He or she might be planting notions that he has fewer assets and income than in actuality.
What to do now: Focus on your own earning.
If you are under-employed, start searching for a new job or side gig. Read: Top companies for work-at-home jobs for single moms
Assume you are entitled to alimony as a stay-at-home mom — or terrified you have to pay it? Educate yourself about alimony law, and also understand the negatives of relying on alimony income from an ex.
Also, as women become more successful, more and more moms are paying child support and alimony.
10. You might find strange documents about apartments, or relocation offers around your home.
They are looking for a new place to live.
What to do now: Read How is property divided in a divorce and who gets the house?
11. Refusal of a stay-at-home parent to get a job, or a lesser-earning spouse to take a higher-paying position
She may be ensuring higher child support or spousal maintenance.
What to do now: Call that lawyer.
12. On the flip side, a spouse may turn down a promotion or overtime to lessen their financial responsibility post-breakup.
The less income they report now, the less they have to pay in child support or alimony.
What to do now: Read How to negotiate a pay raise or promotion
13. Sudden interest in the kids
If they are thinking of leaving, and want to make sure they secure their share of custody time with the children, they show uncharacteristic interest in sports, religious, school and other activities, as well as ensure the children spend lots of time with their side of the family.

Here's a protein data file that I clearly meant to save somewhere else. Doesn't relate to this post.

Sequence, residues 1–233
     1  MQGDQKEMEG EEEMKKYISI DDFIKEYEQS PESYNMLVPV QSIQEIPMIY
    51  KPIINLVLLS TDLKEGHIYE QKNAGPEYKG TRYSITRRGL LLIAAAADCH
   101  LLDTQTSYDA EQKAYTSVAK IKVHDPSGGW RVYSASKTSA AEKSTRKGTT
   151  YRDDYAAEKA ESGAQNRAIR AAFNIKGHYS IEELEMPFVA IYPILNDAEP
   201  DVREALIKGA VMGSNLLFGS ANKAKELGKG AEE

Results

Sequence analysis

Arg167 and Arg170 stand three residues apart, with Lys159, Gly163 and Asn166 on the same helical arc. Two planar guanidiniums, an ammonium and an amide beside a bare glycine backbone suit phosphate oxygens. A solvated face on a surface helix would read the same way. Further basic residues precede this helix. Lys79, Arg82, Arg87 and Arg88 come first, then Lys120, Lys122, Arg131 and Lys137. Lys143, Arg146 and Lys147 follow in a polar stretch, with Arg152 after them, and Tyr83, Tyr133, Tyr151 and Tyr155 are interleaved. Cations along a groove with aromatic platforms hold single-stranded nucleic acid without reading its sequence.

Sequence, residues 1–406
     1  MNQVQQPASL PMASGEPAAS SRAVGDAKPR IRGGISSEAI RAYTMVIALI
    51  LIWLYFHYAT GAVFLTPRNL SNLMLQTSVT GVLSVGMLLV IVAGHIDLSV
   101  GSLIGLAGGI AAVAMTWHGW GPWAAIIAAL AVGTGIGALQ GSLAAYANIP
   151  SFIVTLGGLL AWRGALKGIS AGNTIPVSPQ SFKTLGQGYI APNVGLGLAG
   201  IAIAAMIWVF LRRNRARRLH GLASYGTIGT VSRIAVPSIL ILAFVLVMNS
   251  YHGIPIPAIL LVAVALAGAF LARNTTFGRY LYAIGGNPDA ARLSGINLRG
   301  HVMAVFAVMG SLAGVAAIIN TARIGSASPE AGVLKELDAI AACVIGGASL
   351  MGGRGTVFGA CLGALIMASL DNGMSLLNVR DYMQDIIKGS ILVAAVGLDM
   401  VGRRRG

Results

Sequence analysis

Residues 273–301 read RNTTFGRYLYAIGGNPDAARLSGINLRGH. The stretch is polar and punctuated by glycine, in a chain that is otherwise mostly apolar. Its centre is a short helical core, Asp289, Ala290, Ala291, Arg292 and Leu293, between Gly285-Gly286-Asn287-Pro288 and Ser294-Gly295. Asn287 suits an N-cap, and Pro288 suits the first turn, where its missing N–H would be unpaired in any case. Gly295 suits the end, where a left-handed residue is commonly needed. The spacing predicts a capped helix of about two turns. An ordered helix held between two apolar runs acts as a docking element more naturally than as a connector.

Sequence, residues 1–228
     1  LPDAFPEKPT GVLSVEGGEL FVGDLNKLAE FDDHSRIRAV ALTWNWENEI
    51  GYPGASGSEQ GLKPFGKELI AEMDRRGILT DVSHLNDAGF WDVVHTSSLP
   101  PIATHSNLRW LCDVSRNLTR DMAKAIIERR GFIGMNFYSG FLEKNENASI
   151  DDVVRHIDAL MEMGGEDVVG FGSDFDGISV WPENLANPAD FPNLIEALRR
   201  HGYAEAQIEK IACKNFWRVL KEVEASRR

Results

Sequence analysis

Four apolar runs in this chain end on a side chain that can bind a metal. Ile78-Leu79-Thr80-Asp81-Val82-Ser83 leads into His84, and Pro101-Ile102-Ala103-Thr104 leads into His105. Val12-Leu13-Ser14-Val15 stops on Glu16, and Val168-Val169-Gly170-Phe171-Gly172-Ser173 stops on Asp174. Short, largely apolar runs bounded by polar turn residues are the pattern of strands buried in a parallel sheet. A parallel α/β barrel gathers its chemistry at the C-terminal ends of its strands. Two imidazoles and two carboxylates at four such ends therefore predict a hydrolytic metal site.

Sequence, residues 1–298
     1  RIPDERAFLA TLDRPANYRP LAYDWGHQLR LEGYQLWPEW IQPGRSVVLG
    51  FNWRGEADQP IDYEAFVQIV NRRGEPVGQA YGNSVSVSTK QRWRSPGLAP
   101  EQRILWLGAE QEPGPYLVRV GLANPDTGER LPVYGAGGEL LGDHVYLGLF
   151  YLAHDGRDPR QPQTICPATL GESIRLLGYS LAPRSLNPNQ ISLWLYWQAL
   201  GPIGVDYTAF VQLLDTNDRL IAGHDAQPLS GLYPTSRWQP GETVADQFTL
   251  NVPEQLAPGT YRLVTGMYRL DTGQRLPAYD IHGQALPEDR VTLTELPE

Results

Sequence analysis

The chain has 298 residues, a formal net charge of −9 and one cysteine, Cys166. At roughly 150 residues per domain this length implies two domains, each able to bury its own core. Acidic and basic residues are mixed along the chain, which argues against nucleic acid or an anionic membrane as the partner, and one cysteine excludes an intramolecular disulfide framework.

What to do now: Read: 29 ways to co-parent like a pro, and embrace a 50-50 custody arrangement. You’ll thank me later, no matter how scary or sad that may seem now.
14. An aggressive insistence to relocate to be near their extended family.
What to do now: Attorney, now.
15. Sex stops, or sex starts to suck.
If you’re still having sex, but the other partner stops caring about your pleasure, or intimate connection, they are checked out emotionally, and a divorce may be next. (Though I did report on weird cases where that chemistry outlives the marriage. Rare, weird but possible!)
What to do now: Pray. Focus on your own wellbeing.
What to do when your wife or husband says they are done and want a divorce
If your husband or wife clearly says they want a divorce, you have two options:
- Try to change their mind, or
- Accept that the marriage is over, and make plans to move forward with a divorce, and the rest of your life.
These are scary times. Do not pretend they will change their mind or get over it. it is time to take action.